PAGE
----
With gumption, tenacity, and many other buzzwords he finds in self-help business magazines, Willis dives bowtie-first into the entrepreneurial waters. But starting a business alone, especially without his best friend by his side, is tough work. And with neighborhood bullies getting in his way, a guinea pig client who’s actually a guinea pig, and an annoyingly competent little sister asking for a raise, Willis has his work cut out for him.
Funny, heartfelt, and overwhelmingly endearing, Willis Wilbur is here to make all of your (well, his) dreams come true. (For a small fee.)
Nine-year-old Willis Wilbur is beyond excited to go back to school. Now that he has discovered his destiny as a life coach, he’s looking forward to signing on more clients (preferably human ones, not just guinea pigs).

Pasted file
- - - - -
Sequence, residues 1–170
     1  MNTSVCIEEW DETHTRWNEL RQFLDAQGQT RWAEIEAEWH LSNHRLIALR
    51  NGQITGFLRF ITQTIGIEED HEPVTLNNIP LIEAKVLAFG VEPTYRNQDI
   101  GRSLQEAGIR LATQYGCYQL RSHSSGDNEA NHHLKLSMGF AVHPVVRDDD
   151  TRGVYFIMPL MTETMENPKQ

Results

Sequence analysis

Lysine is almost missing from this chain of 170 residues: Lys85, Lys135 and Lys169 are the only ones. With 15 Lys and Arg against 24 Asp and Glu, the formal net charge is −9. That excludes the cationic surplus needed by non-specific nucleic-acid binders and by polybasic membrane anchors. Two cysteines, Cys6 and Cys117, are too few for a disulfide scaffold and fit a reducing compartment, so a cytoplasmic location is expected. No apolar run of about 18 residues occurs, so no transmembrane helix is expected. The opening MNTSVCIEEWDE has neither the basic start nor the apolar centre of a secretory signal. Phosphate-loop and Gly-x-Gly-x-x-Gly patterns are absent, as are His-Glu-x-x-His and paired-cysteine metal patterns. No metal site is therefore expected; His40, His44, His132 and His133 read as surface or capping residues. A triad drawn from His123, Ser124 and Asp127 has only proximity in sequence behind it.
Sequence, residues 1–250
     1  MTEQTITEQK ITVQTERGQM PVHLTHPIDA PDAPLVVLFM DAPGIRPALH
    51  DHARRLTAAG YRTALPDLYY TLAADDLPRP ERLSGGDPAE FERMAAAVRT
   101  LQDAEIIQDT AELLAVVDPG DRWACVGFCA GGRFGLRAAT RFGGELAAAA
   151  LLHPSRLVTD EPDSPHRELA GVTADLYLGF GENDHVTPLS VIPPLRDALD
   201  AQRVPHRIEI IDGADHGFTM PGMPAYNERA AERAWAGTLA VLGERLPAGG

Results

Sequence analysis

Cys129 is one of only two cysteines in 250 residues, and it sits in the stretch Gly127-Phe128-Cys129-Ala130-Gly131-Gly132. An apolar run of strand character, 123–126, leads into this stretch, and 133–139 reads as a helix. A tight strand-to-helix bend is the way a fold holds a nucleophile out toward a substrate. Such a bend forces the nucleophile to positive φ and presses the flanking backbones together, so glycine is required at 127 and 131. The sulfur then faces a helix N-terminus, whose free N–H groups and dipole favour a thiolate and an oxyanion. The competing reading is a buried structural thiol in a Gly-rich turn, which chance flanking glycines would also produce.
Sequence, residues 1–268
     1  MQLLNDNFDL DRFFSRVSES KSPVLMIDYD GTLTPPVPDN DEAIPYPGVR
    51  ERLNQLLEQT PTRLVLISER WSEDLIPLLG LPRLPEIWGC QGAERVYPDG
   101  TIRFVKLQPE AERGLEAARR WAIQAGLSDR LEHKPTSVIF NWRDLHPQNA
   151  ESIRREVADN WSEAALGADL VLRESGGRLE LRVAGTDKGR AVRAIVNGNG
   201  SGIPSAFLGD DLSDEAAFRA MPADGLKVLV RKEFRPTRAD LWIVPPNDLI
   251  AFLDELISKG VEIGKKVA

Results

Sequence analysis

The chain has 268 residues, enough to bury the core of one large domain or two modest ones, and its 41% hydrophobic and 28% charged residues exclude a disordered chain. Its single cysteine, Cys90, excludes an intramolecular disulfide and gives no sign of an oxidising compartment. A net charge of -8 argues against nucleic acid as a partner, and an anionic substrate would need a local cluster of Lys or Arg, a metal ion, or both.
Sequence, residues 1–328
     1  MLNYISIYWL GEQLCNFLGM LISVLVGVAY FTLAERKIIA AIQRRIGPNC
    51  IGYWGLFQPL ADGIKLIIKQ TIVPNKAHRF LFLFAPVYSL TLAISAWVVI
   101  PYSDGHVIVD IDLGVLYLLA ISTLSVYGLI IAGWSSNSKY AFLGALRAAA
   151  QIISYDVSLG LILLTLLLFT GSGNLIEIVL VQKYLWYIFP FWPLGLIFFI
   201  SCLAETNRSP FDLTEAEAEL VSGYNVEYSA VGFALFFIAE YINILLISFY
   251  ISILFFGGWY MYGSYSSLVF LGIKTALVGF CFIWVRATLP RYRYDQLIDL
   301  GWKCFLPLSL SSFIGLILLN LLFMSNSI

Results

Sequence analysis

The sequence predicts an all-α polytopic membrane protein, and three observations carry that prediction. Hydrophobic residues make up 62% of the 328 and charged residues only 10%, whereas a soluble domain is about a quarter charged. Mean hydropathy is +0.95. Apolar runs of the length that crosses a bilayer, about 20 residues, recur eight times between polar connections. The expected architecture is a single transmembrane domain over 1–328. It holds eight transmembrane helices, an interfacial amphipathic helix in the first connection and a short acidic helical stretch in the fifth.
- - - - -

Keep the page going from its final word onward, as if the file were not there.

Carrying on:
So when Willis and his classmates are tasked with creating a passion project — an opportunity to present an idea they love and share it with the whole school — Willis knows exactly what he’s going to do. He enlists his very smart friend, Margo, and his number one best friend, Shelley, who is finally back from a family vacation in Hawaii. Together, they are going to make the Willis Wilbur App, also known as the first-EVER life-coaching app. Willis is confident he’s going to become a millionaire. Soon, he can probably buy, like, a bunch of tacos.